How to fish with lures (streamers)

Top 10 Lure Fishing Tips for Stillwater Trout

I will start with a fact not a tip fish lures all year round yes they work great in winter but are one of the best trout catching flies throughout the summer months.

Orange & Black Fritz

Don’t be fooled into thinking there is no skill when it comes to fishing for trout with lures either. There is far more to it than simply casting out and pulling in. Here are ten hints and tips from Dom Garnett and the Flies Online team.

  1. Tackle up tough

When you’re pulling back big flies for aggressive fish, you don’t need to faff about with ultra-light leaders. In fact, fine lines can run the risk of break-offs when takes are violent. There is little point going below an 8lb tippet. Fluorocarbon is ideal for the job. Quicker sinking than regular mono, it also makes life easier with standard floating fly lines.

  • Pack the right rod

What weight fly rod is best for fishing lures? That depends on a few things. Most of all, the size of the flies you use and the conditions are critical. If it’s calm you may get away with as little as a four or five weight. However, for the gold head flies typically used, not to mention tackling any kind of breeze, the best rods for casting lures and streamers tend to be in the six or seven weight range. An eight is sometimes helpful if it’s very blustery.

  • Find their level

Are the fish willing to chase in the upper layers, or do you need to get down to them? This is a key question to answer on any Stillwater fishing trip. Try counting down your fly to different depths after casting out. It sounds obvious, but try to keep track and make mental notes as you go. It’s very easy to hook a fish and completely forget the depth you counted to!

  • Experiment with colours

There are endless colour variants when it comes to choosing lures, from natural to provocative. Perhaps the best all-around colours are black or white, perhaps with some added contrast in the head or body. Black and green or white and red are classics. Don’t be afraid to go really bright for stocked rainbow trout though: pink, orange and yellow all have their days.

  • Ring the changes

Even with stocked fish, a certain fly pattern or colour can quickly go “off” if you show it to the trout a lot of times. So, if the bites dry up try a change. With wilder fish or those that have been caught before, it’s worth switching to more somber colours like black or olive. The safest bet is to keep a healthy selection of flies: I tie any colour you want just contact me with your preferences.

  • Get the right retrieve on the day

How quickly do you need to bring in your lures? Keeping them lively is a must, but this doesn’t always mean breakneck speed. Quite often in cold weather, you might find the fish deeper or less willing to lash out, hence you might want to start with a steady figure of eight retrieve also I have had guy’s come up to me saying your retrieve is too slow for this time of year it’s not I get fish on a super slow retrieve in the middle of summer when nothing else is working.

Every session is different though and getting the right retrieve is all about finding out what fish want on the day. If they’re really in the mood to chase, you could even try the so-called roly-poly retrieve I personally don’t like this method but have seen people doing it and each to their own I say and I can achieve the same speed with fast long pulls lol. The roly-poly retrieve is achieved by tucking the rod under one arm and continuously bringing the fly in with both hands, It’s more work but can be brutally exciting, with sudden attacks occurring just under the surface.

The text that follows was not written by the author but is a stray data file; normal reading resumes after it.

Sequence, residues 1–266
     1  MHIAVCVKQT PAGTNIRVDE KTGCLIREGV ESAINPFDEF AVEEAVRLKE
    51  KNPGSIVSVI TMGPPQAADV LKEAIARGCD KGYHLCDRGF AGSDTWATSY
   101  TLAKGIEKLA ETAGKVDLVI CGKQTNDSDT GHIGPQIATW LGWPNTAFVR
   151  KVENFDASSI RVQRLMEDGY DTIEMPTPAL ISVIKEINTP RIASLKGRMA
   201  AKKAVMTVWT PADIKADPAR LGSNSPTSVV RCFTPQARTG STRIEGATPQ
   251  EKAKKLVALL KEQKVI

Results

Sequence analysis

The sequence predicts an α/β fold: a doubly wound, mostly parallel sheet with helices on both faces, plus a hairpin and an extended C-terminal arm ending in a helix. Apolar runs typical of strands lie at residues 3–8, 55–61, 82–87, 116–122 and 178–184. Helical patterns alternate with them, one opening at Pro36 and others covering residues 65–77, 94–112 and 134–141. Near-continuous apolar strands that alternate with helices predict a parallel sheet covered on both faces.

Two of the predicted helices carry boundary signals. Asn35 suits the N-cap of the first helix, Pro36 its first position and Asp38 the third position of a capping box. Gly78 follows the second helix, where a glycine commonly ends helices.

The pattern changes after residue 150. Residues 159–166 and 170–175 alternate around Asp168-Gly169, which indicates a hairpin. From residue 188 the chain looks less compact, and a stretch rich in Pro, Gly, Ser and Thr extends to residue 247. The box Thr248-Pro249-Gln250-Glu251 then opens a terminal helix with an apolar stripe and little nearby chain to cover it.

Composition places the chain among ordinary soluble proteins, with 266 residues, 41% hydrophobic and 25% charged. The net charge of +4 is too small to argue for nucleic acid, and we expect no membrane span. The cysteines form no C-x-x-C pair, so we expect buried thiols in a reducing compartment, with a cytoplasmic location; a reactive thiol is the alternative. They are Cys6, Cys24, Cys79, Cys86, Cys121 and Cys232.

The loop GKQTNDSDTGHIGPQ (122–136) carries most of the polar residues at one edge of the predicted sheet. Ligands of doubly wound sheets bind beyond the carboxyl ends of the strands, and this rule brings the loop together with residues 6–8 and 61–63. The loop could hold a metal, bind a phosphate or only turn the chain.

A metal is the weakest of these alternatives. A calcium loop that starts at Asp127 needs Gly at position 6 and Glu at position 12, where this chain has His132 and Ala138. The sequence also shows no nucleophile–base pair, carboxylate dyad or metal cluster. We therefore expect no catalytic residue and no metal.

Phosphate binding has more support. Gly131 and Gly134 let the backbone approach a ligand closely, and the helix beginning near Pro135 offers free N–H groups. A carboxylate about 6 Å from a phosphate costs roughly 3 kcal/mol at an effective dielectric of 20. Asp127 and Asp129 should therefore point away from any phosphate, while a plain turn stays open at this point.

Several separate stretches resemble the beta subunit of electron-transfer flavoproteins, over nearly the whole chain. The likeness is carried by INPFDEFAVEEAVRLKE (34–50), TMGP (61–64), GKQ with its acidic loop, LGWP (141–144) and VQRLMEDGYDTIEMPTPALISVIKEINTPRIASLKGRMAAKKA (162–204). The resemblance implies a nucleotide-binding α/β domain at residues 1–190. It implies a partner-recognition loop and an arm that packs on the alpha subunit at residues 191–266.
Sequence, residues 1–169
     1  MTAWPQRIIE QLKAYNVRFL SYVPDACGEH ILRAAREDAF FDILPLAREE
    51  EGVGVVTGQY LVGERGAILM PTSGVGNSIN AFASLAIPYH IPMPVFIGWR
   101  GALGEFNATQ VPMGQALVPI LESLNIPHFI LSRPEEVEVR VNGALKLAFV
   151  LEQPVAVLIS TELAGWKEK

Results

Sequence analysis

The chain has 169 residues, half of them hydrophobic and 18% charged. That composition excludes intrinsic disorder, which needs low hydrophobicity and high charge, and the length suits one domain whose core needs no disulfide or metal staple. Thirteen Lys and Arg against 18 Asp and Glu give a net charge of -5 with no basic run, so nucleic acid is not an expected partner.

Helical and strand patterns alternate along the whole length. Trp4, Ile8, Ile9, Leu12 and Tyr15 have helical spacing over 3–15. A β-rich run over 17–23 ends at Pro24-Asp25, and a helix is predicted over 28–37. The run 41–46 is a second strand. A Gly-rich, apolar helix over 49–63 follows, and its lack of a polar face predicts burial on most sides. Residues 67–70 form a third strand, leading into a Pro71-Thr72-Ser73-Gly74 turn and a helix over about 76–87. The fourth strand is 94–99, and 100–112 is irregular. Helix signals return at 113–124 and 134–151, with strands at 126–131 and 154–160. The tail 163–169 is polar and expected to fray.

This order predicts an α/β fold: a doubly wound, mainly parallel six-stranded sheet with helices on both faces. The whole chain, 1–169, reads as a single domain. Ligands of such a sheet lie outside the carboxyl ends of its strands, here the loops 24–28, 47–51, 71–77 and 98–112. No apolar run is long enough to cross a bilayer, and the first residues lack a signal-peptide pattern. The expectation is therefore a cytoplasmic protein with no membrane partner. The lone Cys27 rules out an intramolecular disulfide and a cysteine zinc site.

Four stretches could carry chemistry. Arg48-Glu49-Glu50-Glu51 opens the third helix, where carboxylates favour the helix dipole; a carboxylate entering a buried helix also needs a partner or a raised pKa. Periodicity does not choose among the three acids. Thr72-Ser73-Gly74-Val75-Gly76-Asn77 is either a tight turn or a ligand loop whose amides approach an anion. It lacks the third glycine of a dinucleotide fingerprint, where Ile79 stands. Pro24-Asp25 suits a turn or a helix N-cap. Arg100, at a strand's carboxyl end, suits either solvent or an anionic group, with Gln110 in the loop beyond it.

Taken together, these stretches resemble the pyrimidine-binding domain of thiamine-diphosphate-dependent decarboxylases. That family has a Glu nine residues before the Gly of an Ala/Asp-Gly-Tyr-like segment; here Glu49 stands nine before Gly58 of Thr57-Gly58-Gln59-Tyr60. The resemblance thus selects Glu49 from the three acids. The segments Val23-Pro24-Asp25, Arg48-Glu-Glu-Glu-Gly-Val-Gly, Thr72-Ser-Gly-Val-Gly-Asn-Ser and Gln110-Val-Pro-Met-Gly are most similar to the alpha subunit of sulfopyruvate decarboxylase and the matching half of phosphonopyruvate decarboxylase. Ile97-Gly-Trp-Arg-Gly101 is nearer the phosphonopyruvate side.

• Keep your rod tip low!

Among the most common fly fishing mistakes when fishing lures and streamers are having the rod at the wrong angle. Keep the tip low as you retrieve it as if you were pointing almost directly at the fly. If your rod tip is even just a foot or two above the surface, you will be producing more slack and a less direct connection (below left). You will feel (and hit!) more takes by keeping the tip right down low to the water. Only lifting at the very end of each retrieve to recast.

  • Shorten the odds to fool tail nippers

If you regularly get little tugs that don’t develop into a bent rod, the trout might be nipping at the tail rather than fully committing. This is quite a common problem and can be frustrating. If it keeps happening there are two obvious solutions. One is to switch to a smaller mini lure pattern; the other is to trim off a few millimetres of tail material with scissors or your nails!

  • Converting follows into takes

Another common frustration when lure fishing is trout that show interest but give up the chase. How do you make these hesitant followers take the fly? Well, your natural instinct might be to slow down as the pursuer closes in; but if anything you are better off speeding up! Remember, you are trying to make the fish react, rather than stop and examine the fly.

  1. Stay sharp!

It’s important to keep your edge when lure fishing; not only in terms of concentration but quite literally, with a keen hook point! Trout have bony mouths and over time even the best of points will get blunter. The simple answer to this is to carry a hook sharpener and use it to liven up tired flies. If you don’t do this, you’re sure to connect with fewer bites after a while, especially with favourite patterns that have survived more than one outing.

For more tips and to see more of my flies why not join me on my Facebook group GCFflyshop